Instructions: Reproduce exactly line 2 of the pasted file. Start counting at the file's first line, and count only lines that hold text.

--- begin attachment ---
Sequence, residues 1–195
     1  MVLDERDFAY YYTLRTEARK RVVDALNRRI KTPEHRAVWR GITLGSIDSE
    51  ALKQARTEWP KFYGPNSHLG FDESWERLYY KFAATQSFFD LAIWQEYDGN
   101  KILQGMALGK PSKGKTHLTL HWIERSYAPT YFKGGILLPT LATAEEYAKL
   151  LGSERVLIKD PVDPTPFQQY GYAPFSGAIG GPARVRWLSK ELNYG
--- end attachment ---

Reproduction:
     1  MVLDERDFAY YYTLRTEARK RVVDALNRRI KTPEHRAVWR GITLGSIDSE